• Gouda: Either the slightly aged pale butterscotch cow’s-milk Gouda or a lightly colored goat’s-milk Gouda are tempting choices to pair with cured meats. Young Goudas offer a rich, milky and buttery flavor and smooth texture.  Be sure to purchase an unflavored Gouda, not the herb or garlic varieties.
  • Provolone: The smooth texture of cow’s-milk Provolone is a nice contrast to the sausages.  Select either an aged Provolone or a younger variety to yield a light ivory colored cheese with mellow flavors.
  • Soft Cheeses: Select Brie, Camembert or Chèvre.

Prosciutto Breadsticks Appetizer    

Makes 5 to 6 servings.

  • 10 pencil-thin crisp breadsticks
  • 10 paper-thin slices prosciutto
  • No more than 1/2 hour before serving, tightly wrap one prosciutto slice around the top half of one breadstick   Repeat with remaining ingredients.  Cover, loosely with waxed paper and keep at room temperature.

Serving Tips

If the charcuterie platter is a first course, plan two ounces of protein per person.  If the charcuterie is the main event at a dinner party, purchase at least four ounces of protein per person.
The serving platters may be traditional or creative.  A wooden serving board, marble slab or attractive decorative platter would all provide an appealing background for the sausages and cheeses.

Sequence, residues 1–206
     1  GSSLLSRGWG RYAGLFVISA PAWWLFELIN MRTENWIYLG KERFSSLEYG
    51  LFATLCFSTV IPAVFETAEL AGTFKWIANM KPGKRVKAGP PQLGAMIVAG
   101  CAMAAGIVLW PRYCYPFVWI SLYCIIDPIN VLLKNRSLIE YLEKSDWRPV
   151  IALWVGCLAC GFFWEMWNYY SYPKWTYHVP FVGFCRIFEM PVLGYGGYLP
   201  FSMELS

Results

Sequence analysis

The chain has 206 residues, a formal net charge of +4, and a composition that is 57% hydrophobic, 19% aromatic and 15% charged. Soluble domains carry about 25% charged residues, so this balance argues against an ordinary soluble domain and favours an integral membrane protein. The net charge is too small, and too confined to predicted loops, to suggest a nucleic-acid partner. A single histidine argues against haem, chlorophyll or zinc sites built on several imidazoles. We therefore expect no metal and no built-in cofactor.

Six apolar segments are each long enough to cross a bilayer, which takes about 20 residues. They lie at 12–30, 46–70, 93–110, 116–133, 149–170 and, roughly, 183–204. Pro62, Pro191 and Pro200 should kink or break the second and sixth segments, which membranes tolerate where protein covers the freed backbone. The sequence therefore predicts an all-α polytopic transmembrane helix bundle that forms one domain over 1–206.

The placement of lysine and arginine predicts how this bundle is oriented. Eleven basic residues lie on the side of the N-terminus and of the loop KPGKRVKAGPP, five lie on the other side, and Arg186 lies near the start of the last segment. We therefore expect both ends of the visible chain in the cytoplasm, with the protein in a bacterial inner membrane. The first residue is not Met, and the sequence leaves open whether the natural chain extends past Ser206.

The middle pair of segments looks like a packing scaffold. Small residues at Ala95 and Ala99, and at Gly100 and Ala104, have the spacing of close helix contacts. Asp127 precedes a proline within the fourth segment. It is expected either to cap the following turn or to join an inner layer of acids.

There are endless ways to present the charcuterie platter.  You might wish to combine mild and spicy flavors to reflect the contrast.  The above chart identifies meats and sausages by country.  You might create an interesting theme by matching same country meats, cheeses, wines and even olives.  The Italian presentation would focus on a variety of olives while the classic French charcuterie presentation might include fruit such as figs, dates or dried apricots.

All themeats and sausages should be sliced paper thin.  If they are freshly sliced, it would be ideal to serve them the same day, but if that is not possible, it would be best if served within two to three days.  Cured meats and cheeses are at their peak flavor when served at room temperature.  Remove the cheeses from the refrigerator one full hour before they are to be served to enhance both flavors and textures.  The sliced meats will come to room temperature within 20-30 minutes after they are transferred from refrigeration.

For an attractive presentation, arrange sausage slices in a shingle fashion, just slightly overlapping the slices.  Place the mustards, dates, cornichons/pickles and nuts in small decorative bowls or ramekins or arrange the nuts and olives atop the meats.

Your guests may appreciate small signs or labels which identify the meats, sausages and cheeses, especially the spicy, hot varieties.

Shelf Life

Be sure to wrap any leftovers and return them to the refrigerator.  All products in the cooked sausages category must be refrigerated.  Even though some of the platter ingredients are cured meats, refrigeration is best once the package is opened and meats are sliced.  

These tips should offer guidance in the selection of cured sausages, meats and pâtés so your charcuterie platter will be an enticing display of textures, flavors, colors and shapes.  Why not replace the menu at your next cocktail party with a gourmet cured meat and cheese platter?  It might just be possible to enjoy your own party when serving an easy-to-prepare charcuterie platter.